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Live From The Summit: On Growing In-House Law Departments

July 15, 2015, 2:17 PM

Big Law Business is holding its inaugural Summit at the Apella in New York City. Below are excerpts from the 9:45 a.m. panel, The New Law Firm Competitor: In-House Counsel.

Moderator:

David Levine, General Counsel, Bloomberg LP

Panelists:

Sabine Chalmers, Chief Legal & Corporate Affairs Officer, Anheuser-Busch InBev

Michele Coleman Mayes, Vice President and General Counsel, The New York Public Library

Christa D’Alimonte, Senior Vice President and Deputy General Counsel, Viacom Inc.

Mei Lin Kwan-Gett, Deputy General Counsel and Head of Global Litigation, Citi

David G. Leitch, Group Vice President and General Counsel, Ford Motor Company

(10:03 a.m.) David Levine: “Although in some respects we compete, we don’t generally view firms as competitors. Having said that, we want to do as much as we can internally where we have the expertise. Who wouldn’t? The average rate for a third-year associate is $700 an hour. That’s $700 an hour for someone just a few years out of law school.”

(10:06 a.m.) David Levine: “I think law firms feel, perhaps mistakenly, that given their prestige, they can get away with charging the rates they’ve charged for years. Those firms are taking a gamble.”

(10:21 a.m.) Sabine: On joining Anheuser-Busch, and encountering the discrepancy between lawyers’ stature in the U.S. and the lack of influence they had in corporations, at the time: “I insisted that a precondition of my joining was that I reported to the CEO and I was on the management team.”

(10:23 a.m.) Michele: “As my one boss said, ‘lawyers stifle creativity.’ Well I have a different point of view, which is if you get me in the kitchen early enough, I have to eat what you’re cooking.”

(10:24 a.m.) Michele:“You’ve got to know when to keep your mouth shut when people are thinking creatively. If lawyers pull the cord too quickly and stifle the creative process, they’ll be resented.”

(10:27 a.m.) Christa: On leaving her firm to join Viacom: “It was a hard decision to leave. I wanted to be closer to the business. It’s dramatic how much I didn’t know, even though I’d represented them for years.”

(10:29 a.m.) Mei Lin: On leaving her firm to join Citi: “If I can only have one client, this particular client has a breadth and depth of legal issues that I could not have anticipated. Even though I do just have one client, the range of things I have to deal with on a day to day basis is quite breathtaking.”

(10:30 a.m.) Mei Lin: “There’s an incredible … collegiality” to working in house. She’ll miss arguing in federal court though.

(10:31 a.m.) David Leitch: The in-house lawyer needs to be “a jack of all trades.”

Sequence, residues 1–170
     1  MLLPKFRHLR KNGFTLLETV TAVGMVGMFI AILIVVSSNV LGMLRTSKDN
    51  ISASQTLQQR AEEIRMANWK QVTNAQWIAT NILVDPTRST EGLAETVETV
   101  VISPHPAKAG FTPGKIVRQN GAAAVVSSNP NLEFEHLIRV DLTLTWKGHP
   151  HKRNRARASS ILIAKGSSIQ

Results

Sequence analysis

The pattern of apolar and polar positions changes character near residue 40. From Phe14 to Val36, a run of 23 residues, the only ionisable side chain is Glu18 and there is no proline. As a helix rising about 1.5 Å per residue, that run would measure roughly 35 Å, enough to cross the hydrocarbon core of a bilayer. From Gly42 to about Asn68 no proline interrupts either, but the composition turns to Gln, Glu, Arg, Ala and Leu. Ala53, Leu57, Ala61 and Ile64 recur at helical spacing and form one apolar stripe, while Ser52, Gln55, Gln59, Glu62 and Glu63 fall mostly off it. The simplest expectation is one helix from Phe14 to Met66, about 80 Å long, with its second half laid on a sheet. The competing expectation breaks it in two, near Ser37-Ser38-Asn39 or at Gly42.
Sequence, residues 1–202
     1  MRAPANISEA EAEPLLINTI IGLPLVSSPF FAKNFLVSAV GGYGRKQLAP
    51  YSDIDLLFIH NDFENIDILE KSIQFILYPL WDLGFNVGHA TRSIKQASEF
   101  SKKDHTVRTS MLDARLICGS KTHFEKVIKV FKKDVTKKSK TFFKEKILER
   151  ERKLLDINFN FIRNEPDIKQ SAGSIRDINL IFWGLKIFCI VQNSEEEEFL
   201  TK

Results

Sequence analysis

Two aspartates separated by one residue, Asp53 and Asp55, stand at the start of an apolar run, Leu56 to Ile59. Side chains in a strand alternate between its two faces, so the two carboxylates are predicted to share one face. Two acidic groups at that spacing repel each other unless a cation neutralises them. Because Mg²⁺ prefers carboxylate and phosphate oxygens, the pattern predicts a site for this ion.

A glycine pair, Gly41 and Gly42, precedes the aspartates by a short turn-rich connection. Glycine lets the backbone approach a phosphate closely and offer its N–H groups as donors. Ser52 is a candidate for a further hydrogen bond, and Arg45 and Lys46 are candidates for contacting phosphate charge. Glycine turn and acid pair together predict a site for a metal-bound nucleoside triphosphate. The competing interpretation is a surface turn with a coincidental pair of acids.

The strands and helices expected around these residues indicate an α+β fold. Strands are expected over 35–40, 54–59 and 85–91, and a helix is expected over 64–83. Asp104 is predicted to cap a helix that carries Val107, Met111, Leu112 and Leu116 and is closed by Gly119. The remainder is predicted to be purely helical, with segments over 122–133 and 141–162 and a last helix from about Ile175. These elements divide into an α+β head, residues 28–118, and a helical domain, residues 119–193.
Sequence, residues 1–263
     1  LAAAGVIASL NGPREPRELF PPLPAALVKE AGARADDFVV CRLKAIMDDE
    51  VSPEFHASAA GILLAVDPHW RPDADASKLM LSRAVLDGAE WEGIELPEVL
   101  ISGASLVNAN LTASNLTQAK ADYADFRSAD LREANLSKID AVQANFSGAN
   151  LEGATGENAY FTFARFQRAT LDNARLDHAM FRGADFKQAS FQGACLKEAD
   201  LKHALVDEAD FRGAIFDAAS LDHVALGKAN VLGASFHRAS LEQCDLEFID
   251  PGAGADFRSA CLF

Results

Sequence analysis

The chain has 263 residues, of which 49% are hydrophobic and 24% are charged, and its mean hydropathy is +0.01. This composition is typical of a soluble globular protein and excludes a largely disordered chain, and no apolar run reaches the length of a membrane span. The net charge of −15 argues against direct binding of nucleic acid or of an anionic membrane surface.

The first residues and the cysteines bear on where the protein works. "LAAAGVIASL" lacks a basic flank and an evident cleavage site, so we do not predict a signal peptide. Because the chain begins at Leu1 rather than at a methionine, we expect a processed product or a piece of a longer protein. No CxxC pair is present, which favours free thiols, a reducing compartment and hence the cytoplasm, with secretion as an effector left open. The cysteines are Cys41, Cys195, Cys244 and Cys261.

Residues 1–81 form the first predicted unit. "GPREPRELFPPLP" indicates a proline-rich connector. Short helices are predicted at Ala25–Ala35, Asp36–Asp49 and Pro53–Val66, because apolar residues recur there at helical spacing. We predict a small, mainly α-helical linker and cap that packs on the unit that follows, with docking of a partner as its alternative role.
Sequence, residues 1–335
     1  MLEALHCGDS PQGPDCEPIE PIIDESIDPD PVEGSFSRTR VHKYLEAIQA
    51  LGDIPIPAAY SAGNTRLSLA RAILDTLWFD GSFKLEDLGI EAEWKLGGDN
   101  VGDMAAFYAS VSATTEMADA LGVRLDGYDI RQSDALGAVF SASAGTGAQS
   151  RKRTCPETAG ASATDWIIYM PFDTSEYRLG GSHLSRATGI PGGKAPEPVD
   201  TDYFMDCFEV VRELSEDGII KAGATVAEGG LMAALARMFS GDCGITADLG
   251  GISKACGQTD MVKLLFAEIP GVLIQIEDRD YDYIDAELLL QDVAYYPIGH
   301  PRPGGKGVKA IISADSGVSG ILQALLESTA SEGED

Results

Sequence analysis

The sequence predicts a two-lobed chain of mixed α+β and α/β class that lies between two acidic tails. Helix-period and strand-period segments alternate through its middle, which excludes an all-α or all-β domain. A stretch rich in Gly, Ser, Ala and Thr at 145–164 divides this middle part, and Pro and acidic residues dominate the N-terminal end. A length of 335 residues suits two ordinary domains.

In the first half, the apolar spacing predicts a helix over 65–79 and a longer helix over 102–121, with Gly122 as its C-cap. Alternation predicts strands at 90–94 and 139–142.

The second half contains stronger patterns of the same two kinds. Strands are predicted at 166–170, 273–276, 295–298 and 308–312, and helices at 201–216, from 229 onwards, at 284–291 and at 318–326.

(10:32 a.m.) David Leitch: On in-house lawyers being “passed over associates”: “Be careful about taking that attitude. One thing I discovered as I went into Ford was that our people had a lot of good experience, deep experience in their particular area of expertise. I’ve come to really respect the talent that’s been in-house at Ford.”

(10:35 a.m.) Sabine: “We have absolutely moved away from the model of a large UK or US law firm managing regional lawyers in foreign countries. It is now totally managed in house.”

(10: 39 a.m.) Mei Lin:It’s hard to justify paying top law firm rates on anything that’s not a very significant matter. My own belief is you’re hiring the individual attorney rather than the law firm. You’re looking to match expertise with particular matters.”

(10:40 a.m.) Michele:“I’ve had firms back out once they learned more about the matter. I respected that. I’d rather have a frank discussion early, rather than a fight later.”

(10:42 a.m.) Michele: “Most cases don’t go to trial, you just discover them to death. Everybody knows that.” Allstate set up an in-house discovery unit, but it took a while for outside counsel to grow comfortable with that.

(10:43 a.m.)David Leitch:I tell outside lawyers they should listen to our earnings call. “By the way, don’t charge me for the hour that you’re on the phone.” It’s a two-way street: In-house lawyers need to educate the outside counsel, who in turn need to invest in the relationship.

(10:45 a.m.) David Leitch:“I don’t appreciate it when I’m looking at a new firm, and they want to retain the right to sue me in the future.”

(10:47 a.m.) Sabine: We often run e-auctions for IP matters or more rote work. We inevitably have an RFP process where law firms will bid. “When we first started doing that ten years ago, it was a shock to the system, maybe more so for law firms in Europe than in the U.S.”

(10:48 a.m.) Sabine: Law firms that we hire have two qualities: they’re hungry, and they’re flexible.

(10:50 a.m.) Sabine:We’ve fired law firms when the “unfortunate” experience arises that, while boarding an airplane, the in-house lawyers turn right, and the outside counsel turns left (to first class).

Another panelist quipped: “They could have used miles!”

(10:52 a.m.) Christa: “As a relatively new entrant to the in-house world, the focus on budgets has been an eye-opener. My colleagues and I review, on a monthly basis, how firms are doing. We notice which firms are good about keeping to budget, or alerting us when things go off budget.”

(11:02 a.m.) Sabine: Two requirements for hiring in-house attorneys: they have to like beer, and they have to be willing to take on other roles in the company.

(11:03 a.m.) David Leitch: On whether inside and outside lawyers are competitors: “No, and a firm that thought that way wouldn’t be a firm that we use.”

(11:06 a.m.) Michele: “I see us as dance partners. Sometimes in-house leads, sometimes outside leads. You just have to know when that’s happening.”

To view the full agenda, click here , and stay on our home page for further coverage.